Family says BP lied about man’s cause of death in terrorist attack

By Craig Hlavaty
Houston Chronicle

The family of a Houston man killed in a terror attack on a BP plant in Algeria early last year claims the oil company lied about how the man died and that its Internet access policy contributed to his death.

According to the civil suit filed March 31, Frederick Martin Buttaccio did not die of a heart attack as reported by BP, but from a ring of explosives that were placed around his neck by a terrorist group affiliated with al-Qaida.

The three-day siege on the Ain Amenas plant in Algeria ended Jan. 19, 2013, and killed 39 hostages from nine countries. The plant was jointly run by BP, Norway’s Statoil and Algeria’s state-owned oil company.

Three of eight Americans at the gas processing plant at the time of the attack were killed. Two of the dead were from the Houston area, Victor Lovelady and Buttaccio.

Buttaccio, 58, died Jan. 17, leaving behind two adult children and a wife of 35 years, who still resides in the Cinco Ranch area.

The Buttaccio family is seeking in excess of $1 million in damages from BP, and hopes to force the British company into creating more rigorous safety standards for employees in dangerous parts of the world. They are requesting a jury trial.

North Africa: Terrorist behind attack on BP Algeria plant quit al-Qaida

Frederick Buttaccio died in a terrorist attack at a natural gas complex in Algeria. The four-day standoff ended Saturday, Jan. 19, 2013 after Algerian troops stormed the complex. The clash left at least 23 hostages dead and killed all 32 militants involved. (AP Photo)

Frederick Buttaccio died in a terrorist attack at a natural gas complex in Algeria. (AP Photo)

The family’s lawyer, Fred Hagans said Buttaccio’s death could have been avoided had BP’s safety protocols been different. He said  BP employees working in places where there is a terrorist presence are told to keep their cellphones on them at all times to stay aware of threats and to get themselves out of harm’s way. When Buttaccio arrived on site his cellphone didn’t work.

“BP refused him access to the WiFi so he couldn’t use his cell phone. Since he was not a manager — not in management position — they said he couldn’t have access,” Hagans said.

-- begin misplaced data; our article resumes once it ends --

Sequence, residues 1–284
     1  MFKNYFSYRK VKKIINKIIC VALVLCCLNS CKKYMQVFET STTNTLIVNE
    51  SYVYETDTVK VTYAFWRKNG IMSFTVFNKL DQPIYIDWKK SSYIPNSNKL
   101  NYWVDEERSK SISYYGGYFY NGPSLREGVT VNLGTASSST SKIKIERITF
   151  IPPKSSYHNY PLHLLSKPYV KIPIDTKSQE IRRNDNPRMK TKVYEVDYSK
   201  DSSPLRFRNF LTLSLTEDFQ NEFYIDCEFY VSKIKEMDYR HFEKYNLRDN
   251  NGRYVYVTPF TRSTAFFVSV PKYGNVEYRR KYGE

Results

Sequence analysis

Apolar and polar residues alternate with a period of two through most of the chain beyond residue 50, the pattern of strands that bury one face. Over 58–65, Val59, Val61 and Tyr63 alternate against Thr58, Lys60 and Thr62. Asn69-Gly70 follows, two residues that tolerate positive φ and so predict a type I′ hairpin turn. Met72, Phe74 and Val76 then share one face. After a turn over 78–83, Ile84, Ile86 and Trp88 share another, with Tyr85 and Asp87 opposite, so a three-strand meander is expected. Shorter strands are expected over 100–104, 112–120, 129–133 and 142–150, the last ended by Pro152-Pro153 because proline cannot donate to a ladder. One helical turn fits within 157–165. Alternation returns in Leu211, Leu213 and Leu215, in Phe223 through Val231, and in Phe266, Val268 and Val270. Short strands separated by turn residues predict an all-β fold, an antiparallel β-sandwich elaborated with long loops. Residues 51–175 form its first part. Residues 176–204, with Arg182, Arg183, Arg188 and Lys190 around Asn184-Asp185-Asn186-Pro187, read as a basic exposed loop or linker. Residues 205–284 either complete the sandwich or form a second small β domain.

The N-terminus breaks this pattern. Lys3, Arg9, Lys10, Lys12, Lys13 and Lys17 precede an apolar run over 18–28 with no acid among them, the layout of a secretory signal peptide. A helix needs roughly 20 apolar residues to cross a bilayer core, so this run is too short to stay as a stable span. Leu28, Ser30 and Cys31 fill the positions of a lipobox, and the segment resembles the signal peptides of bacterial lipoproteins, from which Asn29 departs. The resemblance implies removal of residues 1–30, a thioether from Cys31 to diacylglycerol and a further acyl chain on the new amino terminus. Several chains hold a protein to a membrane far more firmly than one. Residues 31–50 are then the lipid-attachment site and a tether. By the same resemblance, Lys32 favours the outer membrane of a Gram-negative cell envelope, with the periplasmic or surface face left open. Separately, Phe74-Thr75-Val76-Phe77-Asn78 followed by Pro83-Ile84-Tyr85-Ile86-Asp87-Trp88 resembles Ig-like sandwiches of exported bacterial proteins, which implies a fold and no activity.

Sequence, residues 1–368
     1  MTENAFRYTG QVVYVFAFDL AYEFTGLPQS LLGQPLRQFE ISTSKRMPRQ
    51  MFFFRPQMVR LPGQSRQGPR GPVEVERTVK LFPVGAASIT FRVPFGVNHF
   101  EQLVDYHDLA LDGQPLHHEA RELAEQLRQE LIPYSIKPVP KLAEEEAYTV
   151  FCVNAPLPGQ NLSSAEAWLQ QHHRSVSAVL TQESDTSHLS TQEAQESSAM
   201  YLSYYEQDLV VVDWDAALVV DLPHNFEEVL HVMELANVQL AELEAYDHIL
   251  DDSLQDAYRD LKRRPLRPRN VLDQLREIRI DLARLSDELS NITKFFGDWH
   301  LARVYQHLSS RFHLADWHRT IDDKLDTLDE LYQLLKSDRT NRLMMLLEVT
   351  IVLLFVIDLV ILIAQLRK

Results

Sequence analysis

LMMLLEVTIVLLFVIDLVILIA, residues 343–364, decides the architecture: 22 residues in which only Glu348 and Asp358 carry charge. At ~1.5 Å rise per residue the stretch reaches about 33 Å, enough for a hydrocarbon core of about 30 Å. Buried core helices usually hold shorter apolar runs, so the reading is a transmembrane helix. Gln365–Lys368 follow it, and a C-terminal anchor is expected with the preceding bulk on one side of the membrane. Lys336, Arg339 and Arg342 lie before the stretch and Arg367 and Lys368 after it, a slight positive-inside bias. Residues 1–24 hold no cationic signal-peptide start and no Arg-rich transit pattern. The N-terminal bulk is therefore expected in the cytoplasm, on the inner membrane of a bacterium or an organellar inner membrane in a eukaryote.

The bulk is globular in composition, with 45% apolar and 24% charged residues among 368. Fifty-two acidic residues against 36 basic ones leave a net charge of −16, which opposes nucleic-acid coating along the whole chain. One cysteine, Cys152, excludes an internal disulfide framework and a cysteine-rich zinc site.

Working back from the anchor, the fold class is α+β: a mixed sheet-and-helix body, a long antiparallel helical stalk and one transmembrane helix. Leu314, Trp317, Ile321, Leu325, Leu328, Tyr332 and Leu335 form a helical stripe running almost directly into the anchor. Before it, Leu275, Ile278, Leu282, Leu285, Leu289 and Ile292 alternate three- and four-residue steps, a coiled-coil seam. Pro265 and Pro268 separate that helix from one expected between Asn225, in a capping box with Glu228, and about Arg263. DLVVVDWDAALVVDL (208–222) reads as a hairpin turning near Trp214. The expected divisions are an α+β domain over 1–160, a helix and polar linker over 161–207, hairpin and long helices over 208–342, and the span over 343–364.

When the plant came under siege, Hagans said, Buttaccio didn’t have any way to know what his escape routes were, or if it was safe to move from his position. He came out into the open and was kidnapped by terrorists. He was allowed to call his wife one last time, according to the lawsuit, and died the next day.

Hagans said BP told the family that Buttaccio died of a heart attack, when he had not. He said the company may have done this to lead the family to believe he didn’t suffer at the hands of the terrorists. The Buttaccio family was able to bury him in Houston.

“They were able to tell from his wounds that he was in an explosion,” said Hagans, adding that members of the family verified this at a closed-casket funeral.

“We do not have a copy of the autopsy yet,” Hagans said. “But there is no good reason for BP to say that (Buttaccio had a heart attack) and then to not correct that finding after the family received his body.”

Hagans said BP has never publicly corrected the cause of Buttaccio’s death, even when the physical evidence contradicted their statement.

On Friday, BP spokesman Jason Ryan said that the company is declining to comment on the lawsuit at this time.

Hagans said Buttaccio had already retired from a company that BP had purchased in 2010, but decided to stay on as a contractor, making a six-figure salary, working 30 days on and 30 days off training Algerians to work at the plant. He was saving up money for him and his wife to retire comfortably.

Security strategy: Algeria’s security forces to protect energy plants

The lawyer has mixed feelings about what the outcome of this case will be. He wants BP to treat the family reasonably and to make sure they make lasting changes in safety protocol so this doesn’t happen to other families.

“BP has been willing to settle cases, but this one is complicated,” says Hagans. “I would hope that they don’t put the family through anymore than is necessary.”

Hagans accuses BP of addressing safety “after the fact, but not being very proactive” ahead of time.

“They say, ‘We were terrible on security, but now we will do better,’ but that needs to be more than just words after the fact,” Hagans said.

In a statement, the family memorialized Buttaccio, and asked that BP do right by them.

“Fred Buttaccio was a wonderful husband, brother, father and son. He trusted BP to protect him. BP did not. Our family asked BP to address our concerns,” the statement reads. “We waited for more than a year. It was with great reluctance, but with firm resolve after a year of investigation, that we filed this lawsuit against BP.  We hope that by doing so, we can help other families avoid the needless and brutal death of a loved one.”